After investor Daniel Loeb left talks with Dow Chemical, the Third Point founder and CEO announced plans to solicit shareholder votes. This event is known as a proxy battle, which is by definition an event that occurs when a corporation’s stockholders develop opposition to an aspect of that company’s governance. The proxy fight focuses mainly on directorial and management positions, and Business Bigwigs has written previously on the relationship between Dow Chemicals and Loeb.

At the time when Third Point invested $1.3 billion in Dow, Loeb urged the business to split its specialty chemical business, criticizing its “poor operation track record.” Loeb had put pressure on Dow CEO Andrew Liveris in May of this year, arguing that the business is “under earning by at least $2.5 billion” a year.

Loeb has been recommending the company sell chemicals such as ethylene, propylene and more in the open market and less in the making of consumer products. “Dow’s integrated strategy,” Loeb wrote, “does not maximize profits.” He also states that Dow Chemical’s ‘integrated strategy’ is costing shareholders billions of dollars and executives should work harder to boost outcomes and transparency.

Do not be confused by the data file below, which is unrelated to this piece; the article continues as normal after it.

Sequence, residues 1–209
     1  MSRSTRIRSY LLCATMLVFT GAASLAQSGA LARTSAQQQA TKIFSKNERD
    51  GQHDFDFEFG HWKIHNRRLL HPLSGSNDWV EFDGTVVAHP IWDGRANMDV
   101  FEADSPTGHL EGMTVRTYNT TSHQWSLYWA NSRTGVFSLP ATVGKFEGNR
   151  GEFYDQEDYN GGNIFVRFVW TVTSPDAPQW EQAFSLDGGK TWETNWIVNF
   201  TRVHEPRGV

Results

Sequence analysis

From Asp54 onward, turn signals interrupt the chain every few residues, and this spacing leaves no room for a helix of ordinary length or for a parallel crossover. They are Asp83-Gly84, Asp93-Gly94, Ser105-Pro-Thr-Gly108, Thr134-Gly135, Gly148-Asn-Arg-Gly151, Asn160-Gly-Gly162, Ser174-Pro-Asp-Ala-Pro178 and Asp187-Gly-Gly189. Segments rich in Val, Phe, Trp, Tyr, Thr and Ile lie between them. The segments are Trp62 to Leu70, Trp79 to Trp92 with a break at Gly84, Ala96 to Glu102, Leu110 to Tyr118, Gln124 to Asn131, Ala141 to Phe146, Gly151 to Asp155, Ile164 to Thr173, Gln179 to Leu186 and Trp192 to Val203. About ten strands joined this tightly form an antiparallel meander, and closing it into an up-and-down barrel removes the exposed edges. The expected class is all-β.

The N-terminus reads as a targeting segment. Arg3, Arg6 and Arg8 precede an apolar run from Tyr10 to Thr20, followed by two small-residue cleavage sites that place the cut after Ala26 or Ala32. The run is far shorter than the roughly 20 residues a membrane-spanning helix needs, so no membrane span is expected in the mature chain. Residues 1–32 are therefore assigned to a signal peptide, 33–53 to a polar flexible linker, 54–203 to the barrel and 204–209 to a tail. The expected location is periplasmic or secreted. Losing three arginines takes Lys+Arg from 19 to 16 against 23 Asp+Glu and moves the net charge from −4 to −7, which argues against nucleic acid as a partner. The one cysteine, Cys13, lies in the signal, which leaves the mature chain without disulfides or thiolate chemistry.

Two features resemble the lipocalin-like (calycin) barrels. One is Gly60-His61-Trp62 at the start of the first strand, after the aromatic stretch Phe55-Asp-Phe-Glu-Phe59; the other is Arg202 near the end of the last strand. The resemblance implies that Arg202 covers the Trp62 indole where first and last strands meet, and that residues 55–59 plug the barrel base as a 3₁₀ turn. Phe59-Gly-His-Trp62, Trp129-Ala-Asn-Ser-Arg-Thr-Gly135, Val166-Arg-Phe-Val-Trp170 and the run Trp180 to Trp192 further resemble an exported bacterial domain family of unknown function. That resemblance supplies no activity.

Recently, Daniel Loeb and his company have released their first-ever mini documentary about taking on Dow Chemical, called “Broken Promises.” The film is described as a “narrative detailing how Dow has fallen behind due to poor strategic decision-making by a Management team and Board best known for their track record of broken promises to share holders.”

At the bottom of the video posted on Vimeo, Third Point stated its intent to file a proxy statement with the SEC. “In connection with their intended proxy solicitation, Third Point LLC and certain of its affiliates intend to file a proxy statement with the Securities and Exchange Commission (the “SEC”) to solicit stockholders of The Dow Chemical Company (the “Company”).”

Dow has shot back, stating that Loeb has “little interest in anything that benefits the many long-term shareholders in Dow,” and also saw a boost of 14% in its quarterly dividend just last week. The window for nominations to Dow’s board open at the end of November.